I've been wanting to blog about League of Extraordinary Gentlemen: Black Dossier for awhile now...but in all honesty, I've not had a chance to do so, but since League of Extraordinary Gentlemen - Volume 3: Century - 1910 just came out (what a mouthful!), I thought it might be cool to look at both works at the same time, just to be able to draw same parallels, but to see how both books "work" in the current LOEG universe.
Of the two, Black Dossier is, quite easily, my favorite, because it doesn't quite stick the formula. Many have "complained" about the assorted text pieces, mixed media, and other diversions...but I see it in quite another way - it's Alan Moore having some fun. Of course, his idea of "fun" is a Cthulu/Jeeves & Wooster crossover, but that's what makes it a really unique read. However, Black Dossier does more than that - it really creates an entire world out of whole cloth, taking the whole of British (and some American) pop culture and creating a unique tapestry out of it. The story is relatively simple - Mina Harker and Allan Quartermaine steal a valuable book and attempt to get away - but the pleasure is in the details, with references ranging from...well, television and movie buffs will probably get these a lot more, but Black Dossier is more of a background piece. It gives a history of the league, shows us somewhat where they've been...and possible directions for the League...
...and Century: 1910 is...well, it seems almost like Moore-by-numbers. I understand Moore's love of The Threepenny Opera, but he used it to better effect (in my opinion) in Watchmen. Here, I liked the whole idea of an occult-created "moonchild", and there were some clever insertions, but on the whole, for some reason, this volume felt a little forced in writing. It may just be that, because Moore is using a slightly different cast, it doesn't seem to have "jelled" - and maybe Black Dossier "spoiled" the series somewhat, but there wasn't much to this first volume. Although Moore may intend for each volume to be a stand-alone edition, Century: 1910 feels more like set-up than a full story.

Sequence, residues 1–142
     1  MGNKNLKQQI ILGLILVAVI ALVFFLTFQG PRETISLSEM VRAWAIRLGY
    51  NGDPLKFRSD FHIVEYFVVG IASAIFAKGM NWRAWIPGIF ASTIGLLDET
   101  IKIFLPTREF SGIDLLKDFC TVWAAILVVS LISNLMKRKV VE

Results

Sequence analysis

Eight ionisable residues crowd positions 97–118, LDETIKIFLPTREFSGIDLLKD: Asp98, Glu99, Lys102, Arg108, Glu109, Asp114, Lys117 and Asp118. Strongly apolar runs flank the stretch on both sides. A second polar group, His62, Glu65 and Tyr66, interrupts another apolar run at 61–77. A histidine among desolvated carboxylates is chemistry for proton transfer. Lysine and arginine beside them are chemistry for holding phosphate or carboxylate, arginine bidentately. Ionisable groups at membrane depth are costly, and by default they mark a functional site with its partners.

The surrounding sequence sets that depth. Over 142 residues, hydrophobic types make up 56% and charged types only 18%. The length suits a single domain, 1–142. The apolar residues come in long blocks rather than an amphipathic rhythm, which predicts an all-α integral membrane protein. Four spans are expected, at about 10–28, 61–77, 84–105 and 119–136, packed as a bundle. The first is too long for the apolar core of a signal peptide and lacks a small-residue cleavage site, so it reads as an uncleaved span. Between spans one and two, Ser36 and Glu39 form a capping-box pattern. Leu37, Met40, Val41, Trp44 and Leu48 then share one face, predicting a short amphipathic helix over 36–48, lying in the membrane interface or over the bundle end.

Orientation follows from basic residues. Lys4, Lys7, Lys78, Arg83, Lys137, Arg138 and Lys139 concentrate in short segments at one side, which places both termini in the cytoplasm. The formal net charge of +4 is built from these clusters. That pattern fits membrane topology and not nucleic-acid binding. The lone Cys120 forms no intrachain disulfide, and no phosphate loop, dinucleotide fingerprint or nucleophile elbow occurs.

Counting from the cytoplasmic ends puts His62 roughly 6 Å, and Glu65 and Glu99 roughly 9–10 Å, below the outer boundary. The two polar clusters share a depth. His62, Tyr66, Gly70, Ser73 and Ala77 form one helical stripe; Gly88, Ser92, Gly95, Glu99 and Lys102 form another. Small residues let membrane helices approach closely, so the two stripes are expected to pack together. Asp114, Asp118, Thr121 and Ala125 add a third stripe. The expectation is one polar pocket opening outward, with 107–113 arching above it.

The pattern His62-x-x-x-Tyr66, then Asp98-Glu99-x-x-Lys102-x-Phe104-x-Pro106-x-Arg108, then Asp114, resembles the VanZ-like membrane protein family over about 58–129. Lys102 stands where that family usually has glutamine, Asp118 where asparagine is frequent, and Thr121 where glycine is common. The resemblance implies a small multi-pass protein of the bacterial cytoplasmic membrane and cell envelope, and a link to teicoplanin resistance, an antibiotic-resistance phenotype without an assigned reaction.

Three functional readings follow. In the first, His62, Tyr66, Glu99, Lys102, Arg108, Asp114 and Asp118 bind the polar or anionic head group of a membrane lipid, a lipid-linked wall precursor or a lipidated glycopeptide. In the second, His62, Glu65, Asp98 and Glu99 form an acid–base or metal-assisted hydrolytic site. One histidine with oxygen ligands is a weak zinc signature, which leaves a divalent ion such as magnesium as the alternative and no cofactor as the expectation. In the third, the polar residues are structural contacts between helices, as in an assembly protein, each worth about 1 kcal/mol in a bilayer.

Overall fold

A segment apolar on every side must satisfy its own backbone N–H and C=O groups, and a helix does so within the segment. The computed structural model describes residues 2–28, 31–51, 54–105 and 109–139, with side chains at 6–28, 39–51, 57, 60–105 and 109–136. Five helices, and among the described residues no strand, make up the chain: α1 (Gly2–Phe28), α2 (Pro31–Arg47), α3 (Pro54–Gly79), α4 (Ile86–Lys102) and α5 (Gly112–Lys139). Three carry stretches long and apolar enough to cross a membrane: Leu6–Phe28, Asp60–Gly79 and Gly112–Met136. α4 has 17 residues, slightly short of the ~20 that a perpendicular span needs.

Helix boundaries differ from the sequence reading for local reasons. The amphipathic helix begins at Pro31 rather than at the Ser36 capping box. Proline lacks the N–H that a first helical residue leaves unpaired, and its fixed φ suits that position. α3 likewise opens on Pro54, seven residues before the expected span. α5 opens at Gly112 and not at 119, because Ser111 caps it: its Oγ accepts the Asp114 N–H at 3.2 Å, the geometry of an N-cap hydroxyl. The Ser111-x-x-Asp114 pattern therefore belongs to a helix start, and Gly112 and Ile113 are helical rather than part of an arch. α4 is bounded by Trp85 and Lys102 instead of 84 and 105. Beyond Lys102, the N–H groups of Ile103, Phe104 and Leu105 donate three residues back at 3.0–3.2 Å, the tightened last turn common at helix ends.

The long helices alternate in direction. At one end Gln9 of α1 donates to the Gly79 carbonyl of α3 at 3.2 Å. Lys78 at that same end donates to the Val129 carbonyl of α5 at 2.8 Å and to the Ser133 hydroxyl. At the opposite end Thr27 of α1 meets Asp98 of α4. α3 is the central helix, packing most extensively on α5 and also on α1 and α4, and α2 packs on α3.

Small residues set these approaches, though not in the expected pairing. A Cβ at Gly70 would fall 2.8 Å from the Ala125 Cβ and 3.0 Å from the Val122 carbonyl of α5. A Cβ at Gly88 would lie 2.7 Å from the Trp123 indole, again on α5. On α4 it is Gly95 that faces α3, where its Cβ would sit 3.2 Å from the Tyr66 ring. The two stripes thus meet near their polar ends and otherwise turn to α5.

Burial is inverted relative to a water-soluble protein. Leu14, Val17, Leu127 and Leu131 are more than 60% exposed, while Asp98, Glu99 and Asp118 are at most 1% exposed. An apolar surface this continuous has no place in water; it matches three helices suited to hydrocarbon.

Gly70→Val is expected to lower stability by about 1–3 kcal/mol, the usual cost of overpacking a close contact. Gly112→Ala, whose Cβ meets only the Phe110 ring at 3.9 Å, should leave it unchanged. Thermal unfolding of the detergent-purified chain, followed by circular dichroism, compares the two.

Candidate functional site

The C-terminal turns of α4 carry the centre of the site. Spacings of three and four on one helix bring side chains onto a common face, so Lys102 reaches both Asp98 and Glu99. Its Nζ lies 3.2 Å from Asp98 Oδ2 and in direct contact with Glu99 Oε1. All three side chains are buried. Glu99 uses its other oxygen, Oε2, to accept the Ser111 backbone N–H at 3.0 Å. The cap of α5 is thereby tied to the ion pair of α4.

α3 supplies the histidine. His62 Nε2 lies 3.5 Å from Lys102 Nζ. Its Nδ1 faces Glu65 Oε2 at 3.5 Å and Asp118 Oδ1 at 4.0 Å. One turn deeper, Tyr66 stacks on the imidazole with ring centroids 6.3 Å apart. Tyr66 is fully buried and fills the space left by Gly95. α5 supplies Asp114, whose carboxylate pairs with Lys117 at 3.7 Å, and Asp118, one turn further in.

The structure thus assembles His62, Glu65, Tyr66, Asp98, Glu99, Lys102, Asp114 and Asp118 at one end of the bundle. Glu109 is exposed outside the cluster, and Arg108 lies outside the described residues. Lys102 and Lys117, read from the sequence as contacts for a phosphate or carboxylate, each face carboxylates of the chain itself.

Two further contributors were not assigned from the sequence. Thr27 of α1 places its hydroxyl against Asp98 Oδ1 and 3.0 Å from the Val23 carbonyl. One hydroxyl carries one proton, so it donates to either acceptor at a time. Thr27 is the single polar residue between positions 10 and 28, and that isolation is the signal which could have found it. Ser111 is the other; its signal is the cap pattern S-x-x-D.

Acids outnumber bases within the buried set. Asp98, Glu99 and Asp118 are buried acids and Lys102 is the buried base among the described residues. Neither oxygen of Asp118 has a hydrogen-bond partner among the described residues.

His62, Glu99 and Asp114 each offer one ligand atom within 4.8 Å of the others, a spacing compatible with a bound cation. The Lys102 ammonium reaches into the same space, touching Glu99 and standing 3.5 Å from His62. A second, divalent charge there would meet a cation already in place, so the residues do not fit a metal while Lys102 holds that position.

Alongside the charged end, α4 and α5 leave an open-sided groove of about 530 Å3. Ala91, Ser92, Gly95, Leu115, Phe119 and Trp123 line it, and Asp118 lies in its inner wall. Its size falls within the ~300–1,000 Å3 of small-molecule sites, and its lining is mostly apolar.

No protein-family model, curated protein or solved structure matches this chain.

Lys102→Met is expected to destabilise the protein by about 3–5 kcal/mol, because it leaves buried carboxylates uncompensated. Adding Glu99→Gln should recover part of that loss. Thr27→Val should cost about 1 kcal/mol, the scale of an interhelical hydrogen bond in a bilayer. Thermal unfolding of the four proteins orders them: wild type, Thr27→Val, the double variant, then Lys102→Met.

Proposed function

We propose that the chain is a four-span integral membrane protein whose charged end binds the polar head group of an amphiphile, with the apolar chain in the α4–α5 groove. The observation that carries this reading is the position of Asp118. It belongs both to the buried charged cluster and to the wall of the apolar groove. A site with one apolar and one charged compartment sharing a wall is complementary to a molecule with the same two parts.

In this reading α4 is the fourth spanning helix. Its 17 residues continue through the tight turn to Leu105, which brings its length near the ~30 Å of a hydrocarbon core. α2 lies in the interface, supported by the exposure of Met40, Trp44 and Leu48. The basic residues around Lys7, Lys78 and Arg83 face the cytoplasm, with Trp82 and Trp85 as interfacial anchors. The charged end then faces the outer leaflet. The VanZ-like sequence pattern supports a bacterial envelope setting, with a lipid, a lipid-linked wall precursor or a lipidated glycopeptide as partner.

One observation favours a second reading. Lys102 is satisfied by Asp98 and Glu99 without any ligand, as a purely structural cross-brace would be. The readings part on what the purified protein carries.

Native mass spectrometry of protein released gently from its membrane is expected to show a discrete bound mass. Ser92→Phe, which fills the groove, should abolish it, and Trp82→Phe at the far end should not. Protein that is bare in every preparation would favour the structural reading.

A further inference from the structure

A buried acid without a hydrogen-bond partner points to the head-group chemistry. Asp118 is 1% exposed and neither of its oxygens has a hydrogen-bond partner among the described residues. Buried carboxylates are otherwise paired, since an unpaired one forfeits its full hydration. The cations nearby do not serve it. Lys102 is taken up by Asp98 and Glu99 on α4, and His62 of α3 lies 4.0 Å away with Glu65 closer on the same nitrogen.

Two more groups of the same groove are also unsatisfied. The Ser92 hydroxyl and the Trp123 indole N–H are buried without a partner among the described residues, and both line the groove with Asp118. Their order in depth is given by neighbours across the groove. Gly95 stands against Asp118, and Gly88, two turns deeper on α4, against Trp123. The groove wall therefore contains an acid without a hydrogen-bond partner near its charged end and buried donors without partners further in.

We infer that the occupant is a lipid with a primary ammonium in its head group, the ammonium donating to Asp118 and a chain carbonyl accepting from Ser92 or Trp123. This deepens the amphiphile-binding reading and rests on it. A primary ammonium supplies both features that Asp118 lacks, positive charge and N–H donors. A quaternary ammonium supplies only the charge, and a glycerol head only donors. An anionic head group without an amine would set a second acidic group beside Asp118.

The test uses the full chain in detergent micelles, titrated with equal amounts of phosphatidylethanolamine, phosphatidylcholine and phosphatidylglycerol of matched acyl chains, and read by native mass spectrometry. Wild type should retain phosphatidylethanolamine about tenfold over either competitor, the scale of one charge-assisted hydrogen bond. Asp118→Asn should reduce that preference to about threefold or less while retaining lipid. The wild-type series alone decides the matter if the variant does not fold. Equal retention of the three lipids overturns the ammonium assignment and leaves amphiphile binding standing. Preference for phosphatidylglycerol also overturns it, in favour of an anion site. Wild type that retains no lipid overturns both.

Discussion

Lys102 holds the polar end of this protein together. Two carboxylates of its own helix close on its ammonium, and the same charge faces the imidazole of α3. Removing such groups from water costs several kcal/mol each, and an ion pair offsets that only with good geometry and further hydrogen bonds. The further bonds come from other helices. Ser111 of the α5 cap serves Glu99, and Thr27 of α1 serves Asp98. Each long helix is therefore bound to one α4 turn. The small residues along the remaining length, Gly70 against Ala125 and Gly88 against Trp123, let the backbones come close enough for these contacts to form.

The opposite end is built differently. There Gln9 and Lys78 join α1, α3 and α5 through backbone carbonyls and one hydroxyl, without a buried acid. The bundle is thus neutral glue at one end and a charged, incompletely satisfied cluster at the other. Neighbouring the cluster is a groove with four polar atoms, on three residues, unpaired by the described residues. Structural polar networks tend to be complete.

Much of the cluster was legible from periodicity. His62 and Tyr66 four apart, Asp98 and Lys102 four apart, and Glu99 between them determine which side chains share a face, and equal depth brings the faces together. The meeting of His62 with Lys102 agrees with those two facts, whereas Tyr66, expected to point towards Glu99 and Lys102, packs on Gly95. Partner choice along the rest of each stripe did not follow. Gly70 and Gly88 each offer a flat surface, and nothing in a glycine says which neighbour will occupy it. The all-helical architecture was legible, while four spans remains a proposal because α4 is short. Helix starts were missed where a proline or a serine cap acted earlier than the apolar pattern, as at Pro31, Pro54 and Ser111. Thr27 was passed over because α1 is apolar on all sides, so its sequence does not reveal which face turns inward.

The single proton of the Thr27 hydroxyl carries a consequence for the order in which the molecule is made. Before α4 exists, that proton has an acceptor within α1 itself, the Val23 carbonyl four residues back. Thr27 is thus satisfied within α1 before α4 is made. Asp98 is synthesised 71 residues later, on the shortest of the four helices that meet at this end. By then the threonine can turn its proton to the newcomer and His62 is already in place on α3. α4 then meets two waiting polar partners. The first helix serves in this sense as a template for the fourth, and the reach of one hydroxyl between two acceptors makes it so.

There's also something else that bothers me - and I must admit, it's come after reading this particular blog article. But the whole issue of a female character being 'developed' through sexual assault is slightly...well, it's off-putting. Moore's not the only person who does it - and quite frankly, I can't say he does it so frequently as to be a major trope of his writing, but it seems slightly lazy and ineffective. I won't say rape is off-limits in fiction...but it should mean something, not just as a way to get from plot point A to plot point B.
Given the length of time between volumes (the next Century won't be out until next year), I don't know if I can honestly recommend Century, but the Black Dossier? One of the best comics I've read.
And I'll stand behind that statement.